The key to an effective and well balanced public affairs role for any service-providing nonprofit is to do it without mission drift and without compromising your basic level of programs, projects, and services. Easier said than done. So why not just focus on your job and leave the advocacy to others? In some cases this happens. With environmental issues, for example, some organizations fight for policies against building on open spaces and wildlife habitat, while others execute the actual conservation projects that preserve the land. But without supporting the public policy that makes those projects feasible, the “executers” would have nothing to do.
What kind of skill sets does a nonprofit need in order to implement a good public affairs program? You need people who know how government works and how communities make decisions; in short, people who know the process. You also need people who know key public officials and community leaders; in short, people who know the people. This kind of expertise can be hired from consultants, or you can develop it over time internally, if you have people – staff, board members, or volunteers – who have the time and interest in this kind of activity.
But nonprofits should not embark on a proactive public affairs program without thoroughly working through all of the issues and challenges it might entail. Approach public affairs as you would approach any significant new activity – with strategic planning and critical thinking. Weigh the pros and cons, the costs and benefits. And involve your Board in, at the very least, establishing your organization’s policy toward public policy.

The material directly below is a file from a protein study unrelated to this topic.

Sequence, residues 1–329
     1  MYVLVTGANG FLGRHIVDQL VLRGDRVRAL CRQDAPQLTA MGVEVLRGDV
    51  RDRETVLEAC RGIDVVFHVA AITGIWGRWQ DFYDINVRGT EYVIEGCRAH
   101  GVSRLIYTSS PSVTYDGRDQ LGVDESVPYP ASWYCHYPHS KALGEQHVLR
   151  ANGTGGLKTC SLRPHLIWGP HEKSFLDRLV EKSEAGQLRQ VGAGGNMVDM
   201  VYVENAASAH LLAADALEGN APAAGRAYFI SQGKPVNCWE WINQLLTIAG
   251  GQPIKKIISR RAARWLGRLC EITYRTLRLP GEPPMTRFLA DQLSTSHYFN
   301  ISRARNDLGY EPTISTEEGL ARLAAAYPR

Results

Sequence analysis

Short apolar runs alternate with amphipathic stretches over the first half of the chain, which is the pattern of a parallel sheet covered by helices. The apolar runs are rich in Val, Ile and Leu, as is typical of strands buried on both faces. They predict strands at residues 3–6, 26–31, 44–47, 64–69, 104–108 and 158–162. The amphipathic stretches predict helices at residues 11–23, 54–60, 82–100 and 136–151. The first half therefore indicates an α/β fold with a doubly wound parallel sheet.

Above all, know what you are getting into before you go down the path. Work through how any public affairs efforts will genuinely benefit and enhance your organization’s mission, and decide on a process for ensuring your public affairs activities are staying in balance with your primary services and programs. Organizations can certainly evolve from direct service missions to advocacy missions over time – but make sure if your organization does so it is a thoughtfully planned change, attentive to all the necessary organizational and legal steps to make it a successful and smooth transition.
The biggest challenge for any nonprofit embarking on the public affairs road is to do so within your means and consistent with your overall mission. Don’t bite off more than you can chew, but don’t be hesitant to reach out to government and the community. So long as your public relations efforts are mission-driven, proportionate, and executed with intention, this work promises to enhance your programs, allow you to better serve your clients, and significantly increase your impact.
ESC offers low-cost, high-quality, customized support for a variety of nonprofit management issues. To explore how ESC can help your nonprofit with mission-driven public affairs or other strategic needs, contact Associate Director Jesus Romero by email or call 213.613.9103 x11.